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Preparing our hearts, minds, and souls to hear and reflect upon the Word of God.

 

Prayer of focus

 

Gracious Lord God, fill us with the Holy Spirit that we fear and love You so that we do not despise or anger our parents and others in authority, but respect, obey, love, and serve them as our neighbors. In Jesus name. Amen

 

Readings:

Psalm 95:1-7

Deuteronomy 5:6-16

 


 

Reflection

 

 This commandment is the beginning of the list of commandments addressing human-to-human relations. Previous commandments were focused upon human-to-God relations now the turn is to one another in sphere of creation and our relations with one another. This not only focuses upon our relationship with one another, but, also our relationship with God. Consider how a child behaves with his or her parent(s). If a child does not honor that is, respect, obey, love, his or her parents then, is that child also less likely to honor divine authority?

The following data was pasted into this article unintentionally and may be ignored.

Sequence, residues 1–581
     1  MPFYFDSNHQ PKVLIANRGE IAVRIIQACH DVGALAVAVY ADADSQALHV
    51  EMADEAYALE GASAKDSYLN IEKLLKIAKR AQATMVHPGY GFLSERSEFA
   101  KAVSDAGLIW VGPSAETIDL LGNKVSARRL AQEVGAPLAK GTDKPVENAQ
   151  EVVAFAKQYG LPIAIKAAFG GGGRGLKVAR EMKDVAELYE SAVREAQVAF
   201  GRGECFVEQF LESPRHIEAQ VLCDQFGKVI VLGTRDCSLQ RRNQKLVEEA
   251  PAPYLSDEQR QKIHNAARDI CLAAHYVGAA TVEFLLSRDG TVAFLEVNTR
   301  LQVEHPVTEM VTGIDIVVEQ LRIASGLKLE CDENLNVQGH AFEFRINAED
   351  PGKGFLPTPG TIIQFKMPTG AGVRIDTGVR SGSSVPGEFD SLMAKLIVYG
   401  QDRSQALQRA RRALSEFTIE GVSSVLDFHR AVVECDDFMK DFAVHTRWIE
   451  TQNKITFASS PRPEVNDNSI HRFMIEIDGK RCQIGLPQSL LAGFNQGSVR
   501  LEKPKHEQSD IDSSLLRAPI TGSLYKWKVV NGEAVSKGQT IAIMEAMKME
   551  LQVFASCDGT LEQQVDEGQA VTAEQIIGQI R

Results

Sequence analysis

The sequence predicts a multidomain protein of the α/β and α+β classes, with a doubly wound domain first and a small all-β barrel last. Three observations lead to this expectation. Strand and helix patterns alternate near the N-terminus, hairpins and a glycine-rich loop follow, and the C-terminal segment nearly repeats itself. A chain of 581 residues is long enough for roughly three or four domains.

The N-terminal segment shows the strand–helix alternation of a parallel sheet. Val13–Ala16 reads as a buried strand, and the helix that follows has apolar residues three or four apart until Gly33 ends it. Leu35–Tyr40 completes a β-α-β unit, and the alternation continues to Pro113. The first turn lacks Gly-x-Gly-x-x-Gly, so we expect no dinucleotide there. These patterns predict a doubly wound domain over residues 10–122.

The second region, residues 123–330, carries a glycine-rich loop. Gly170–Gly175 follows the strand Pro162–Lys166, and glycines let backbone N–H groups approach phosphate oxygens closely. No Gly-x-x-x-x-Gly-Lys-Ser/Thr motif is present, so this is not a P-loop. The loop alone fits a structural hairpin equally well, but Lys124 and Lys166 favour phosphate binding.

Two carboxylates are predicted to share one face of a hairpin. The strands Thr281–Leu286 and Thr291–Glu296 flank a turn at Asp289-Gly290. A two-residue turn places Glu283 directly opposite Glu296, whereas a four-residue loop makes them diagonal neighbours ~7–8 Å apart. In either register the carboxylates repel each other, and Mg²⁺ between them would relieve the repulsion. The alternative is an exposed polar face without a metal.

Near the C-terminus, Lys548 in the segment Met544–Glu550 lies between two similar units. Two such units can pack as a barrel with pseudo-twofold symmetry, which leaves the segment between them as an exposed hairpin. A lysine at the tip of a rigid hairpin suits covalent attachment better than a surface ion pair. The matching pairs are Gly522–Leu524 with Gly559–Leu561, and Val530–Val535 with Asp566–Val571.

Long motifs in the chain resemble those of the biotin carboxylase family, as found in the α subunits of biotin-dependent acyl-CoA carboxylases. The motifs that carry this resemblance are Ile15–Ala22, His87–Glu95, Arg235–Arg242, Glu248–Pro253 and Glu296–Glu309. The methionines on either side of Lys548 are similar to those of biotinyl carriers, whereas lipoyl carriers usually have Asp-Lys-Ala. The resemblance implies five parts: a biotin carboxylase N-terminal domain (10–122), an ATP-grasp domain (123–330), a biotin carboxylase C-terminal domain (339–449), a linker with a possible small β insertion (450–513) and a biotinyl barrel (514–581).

I know there are parent-child relationships that are negative and hard to manage. There are those relationships where the child finds it difficult, if not impossible, to honor a parent for a variety of reasons.  Still, should the child not attempt to find a way to observe this commandment? In the commentary “Exodus: God, Slavery, and Freedom” the author offers the following examples: the honoring of one’s parent with whom one has conflict may do so by not living near them. It might be best to avoid prolonged stays with one’s parents.

 

As I reflect upon this commandment, I find myself, as a parent, asking: “Do I behave in a manner that elicits my children’s respect?” “How do I treat my children?” “Do I behave in an honorable way towards them and with them?” It is very difficult to honor someone if you are not treated similarly.

 

I want you to reflect about life in community, especially life in family. As a child, we learn how to live in community through family. Family is the first community or society or culture in which we learn how to live with one another. Families take many different shapes and forms from single-parent, multi-generational, adoptive, foster, two-parent, etcetera. Regardless of the shape and form of family—family is the social unit in which one learns communal life. Learning communal life shapes the ways we behave toward all people. Our behavior, good or bad, is a reflection upon our parents or whoever is the head of the family. Thus, our honoring of parents is observed in how we treat others.

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